Measuring customer success is an effective way to figure out how well your customers understand the full value of your specific product or service.
Are they using every facet of your product or service possible, and are they satisfied with how it works? Are they underutilizing key areas of your product or service? Or perhaps unaware of a certain functionality? Or are they just flat out unhappy with the results they’ve seen?
These crucial insights can provide you invaluable information about how satisfied and successful your customers are with your product or service, which can guide your roadmap going forward, helping to prevent future churn.
But we know hat you’re thinking: There are countless ways to measure and track customer success — how are you supposed to know which is best for you and your brand?
Read on for 8 customer success metrics and KPIs that you should track.
What Are Customer Success KPIs and Why Do They Matter?
First things first, what exactly are customer success KPIs, anyway?
Good analytics software will provide you with plenty of important data to help you make informed decisions about how to market your product and who to market it to.
The key to making the best use of analytics software is to have a good understanding of which data points can best help you with each business goal. The customer success KPIs and metrics listed below will help to give you information about your product throughout the customer lifecycle. By focusing on these metrics, you will have happier customers that stick around longer.
#1: Net Promoter Score (NPS)
Arguably one of the easiest and most straightforward ways to measure your customer satisfaction is by collecting Net Promoter Score, or NPS.
NPS asks your customers to rate on a scale from 1 to 10 how likely they are to recommend your specific product or service to a friend. Typically, those who rated 1 to 6 are considered “Detractors,” those who rated 7 to 8 are considered “Neutrals,” and those who give the best ratings, 9 to 10, are considered “Promoters.”
NPS = % Promoters – % Detractors
For example, if you have 72% “Promoters” and 14% “Detractors,” then you have an NPS score of 58.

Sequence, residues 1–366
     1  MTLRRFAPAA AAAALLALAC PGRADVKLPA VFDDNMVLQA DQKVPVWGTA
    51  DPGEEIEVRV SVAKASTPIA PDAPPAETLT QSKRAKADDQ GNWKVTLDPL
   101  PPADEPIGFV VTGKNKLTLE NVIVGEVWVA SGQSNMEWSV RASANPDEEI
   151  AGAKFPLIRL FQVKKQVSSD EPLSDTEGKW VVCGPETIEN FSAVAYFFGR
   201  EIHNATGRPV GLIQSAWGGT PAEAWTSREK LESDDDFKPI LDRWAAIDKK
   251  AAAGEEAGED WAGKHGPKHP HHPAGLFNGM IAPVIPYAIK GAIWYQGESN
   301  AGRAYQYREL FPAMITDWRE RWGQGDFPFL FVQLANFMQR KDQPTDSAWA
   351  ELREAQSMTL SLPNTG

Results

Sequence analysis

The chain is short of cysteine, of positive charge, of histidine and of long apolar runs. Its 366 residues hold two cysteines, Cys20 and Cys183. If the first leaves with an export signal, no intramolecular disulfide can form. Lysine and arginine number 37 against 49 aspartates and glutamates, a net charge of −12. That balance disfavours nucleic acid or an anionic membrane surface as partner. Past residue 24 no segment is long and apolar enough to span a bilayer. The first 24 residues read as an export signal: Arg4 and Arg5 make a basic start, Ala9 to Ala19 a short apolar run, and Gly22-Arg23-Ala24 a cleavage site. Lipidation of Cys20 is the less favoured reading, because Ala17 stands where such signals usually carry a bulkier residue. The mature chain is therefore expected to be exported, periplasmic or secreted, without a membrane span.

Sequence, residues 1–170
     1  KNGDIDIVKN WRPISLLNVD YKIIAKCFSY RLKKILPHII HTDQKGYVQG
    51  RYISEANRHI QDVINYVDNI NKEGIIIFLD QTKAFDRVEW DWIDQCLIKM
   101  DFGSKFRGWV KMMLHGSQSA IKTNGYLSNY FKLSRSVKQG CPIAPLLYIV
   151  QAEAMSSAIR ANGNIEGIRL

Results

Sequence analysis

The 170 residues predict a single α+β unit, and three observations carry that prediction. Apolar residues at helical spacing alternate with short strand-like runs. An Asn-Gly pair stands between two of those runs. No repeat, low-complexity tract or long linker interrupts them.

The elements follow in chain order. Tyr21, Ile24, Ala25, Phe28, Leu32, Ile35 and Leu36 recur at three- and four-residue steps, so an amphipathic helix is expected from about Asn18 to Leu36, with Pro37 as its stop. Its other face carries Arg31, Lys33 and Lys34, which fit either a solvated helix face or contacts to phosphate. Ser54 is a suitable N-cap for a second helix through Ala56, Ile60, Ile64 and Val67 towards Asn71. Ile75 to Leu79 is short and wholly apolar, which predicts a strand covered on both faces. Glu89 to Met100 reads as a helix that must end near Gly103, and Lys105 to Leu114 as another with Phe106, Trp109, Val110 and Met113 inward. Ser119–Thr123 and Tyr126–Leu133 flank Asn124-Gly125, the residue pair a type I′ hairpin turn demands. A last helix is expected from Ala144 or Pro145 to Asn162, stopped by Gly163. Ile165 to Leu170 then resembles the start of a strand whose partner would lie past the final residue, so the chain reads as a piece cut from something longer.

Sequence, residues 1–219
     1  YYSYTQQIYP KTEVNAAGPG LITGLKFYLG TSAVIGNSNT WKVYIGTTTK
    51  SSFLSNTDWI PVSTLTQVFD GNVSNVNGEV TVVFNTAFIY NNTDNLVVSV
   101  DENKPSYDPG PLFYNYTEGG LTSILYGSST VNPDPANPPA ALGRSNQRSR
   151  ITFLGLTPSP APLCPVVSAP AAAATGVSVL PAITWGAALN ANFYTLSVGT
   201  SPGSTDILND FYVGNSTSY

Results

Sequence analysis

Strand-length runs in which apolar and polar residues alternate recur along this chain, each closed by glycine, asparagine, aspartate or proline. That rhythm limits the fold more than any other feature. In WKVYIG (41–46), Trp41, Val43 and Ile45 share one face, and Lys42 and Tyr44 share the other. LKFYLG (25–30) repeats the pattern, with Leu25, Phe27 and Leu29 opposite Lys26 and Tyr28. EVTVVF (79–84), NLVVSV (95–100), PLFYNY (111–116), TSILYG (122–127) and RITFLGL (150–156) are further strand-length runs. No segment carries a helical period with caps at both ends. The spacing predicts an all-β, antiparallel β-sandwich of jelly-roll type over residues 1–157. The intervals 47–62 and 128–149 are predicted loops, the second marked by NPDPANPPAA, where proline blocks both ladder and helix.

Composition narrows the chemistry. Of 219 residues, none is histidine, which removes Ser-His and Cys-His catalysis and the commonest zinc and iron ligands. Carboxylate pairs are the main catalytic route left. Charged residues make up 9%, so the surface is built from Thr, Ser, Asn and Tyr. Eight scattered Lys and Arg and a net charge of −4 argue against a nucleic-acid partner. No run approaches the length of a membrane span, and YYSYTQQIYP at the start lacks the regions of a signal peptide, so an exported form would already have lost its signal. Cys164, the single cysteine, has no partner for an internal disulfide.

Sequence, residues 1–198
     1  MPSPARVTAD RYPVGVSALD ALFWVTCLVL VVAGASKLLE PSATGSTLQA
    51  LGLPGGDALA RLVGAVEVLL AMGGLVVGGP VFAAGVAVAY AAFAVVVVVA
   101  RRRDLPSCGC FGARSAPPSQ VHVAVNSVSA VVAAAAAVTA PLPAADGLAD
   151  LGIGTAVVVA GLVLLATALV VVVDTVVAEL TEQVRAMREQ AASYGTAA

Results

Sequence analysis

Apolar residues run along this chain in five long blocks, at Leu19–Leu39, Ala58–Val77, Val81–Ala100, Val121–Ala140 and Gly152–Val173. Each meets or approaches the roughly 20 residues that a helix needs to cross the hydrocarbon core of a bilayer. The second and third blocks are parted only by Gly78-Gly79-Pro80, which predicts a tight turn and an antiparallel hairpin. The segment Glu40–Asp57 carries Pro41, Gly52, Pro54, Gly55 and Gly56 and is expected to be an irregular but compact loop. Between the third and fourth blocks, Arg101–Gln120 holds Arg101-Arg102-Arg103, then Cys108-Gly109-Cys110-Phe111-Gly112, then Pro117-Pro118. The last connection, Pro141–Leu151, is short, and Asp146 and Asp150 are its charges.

NPS can be extremely helpful in measuring your customer success because it helps to provide an insight into how happy your customers are and how much value they are deriving from your product or service. The drawback, however, is that without context NPS is only a numerical value, and you don’t always fully understand why a customer would give you a low NPS rating.
#2: Churn Rate
Customer churn is the percentage of your customers that leave your service over a given time period.
For example, if you have 500 customers at the start of the month and end up losing 5 of them, you have a churn rate of 1% for that month. This might be good, this might be bad — it just depends on what the average churn rate is for your specific industry.
When calculating churn rate, don’t count new customers that you’ve acquired in that time period unless those customers churn within the period. Churn rate is supposed to help you get a feel of what your customer retention rate is. It is not intended to tell you if you are bringing in more business than you are losing.
Also, it’s important to keep in mind that there are two ways to view customer churn rate:
- Customer churn: the number of your customers who have churned in a specific timeframe.
- Gross value churn: the amount of money that has churned in a specific timeframe.
We always recommend looking at both since it’ll better help you figure out how well you’re retaining low-spend vs. high-spend customers. Gross value churn can also let you know if the customers you retain are spending enough money to offset losses from the customers that you’ve lost.
#3: Customer Satisfaction Score
If you’ve ever bought a product or service and were then asked how satisfied you were, you’ve provided a Customer Satisfaction Score, or CSAT.
CSAT is a super easy way to understand a customer’s overall discontent or content with your product.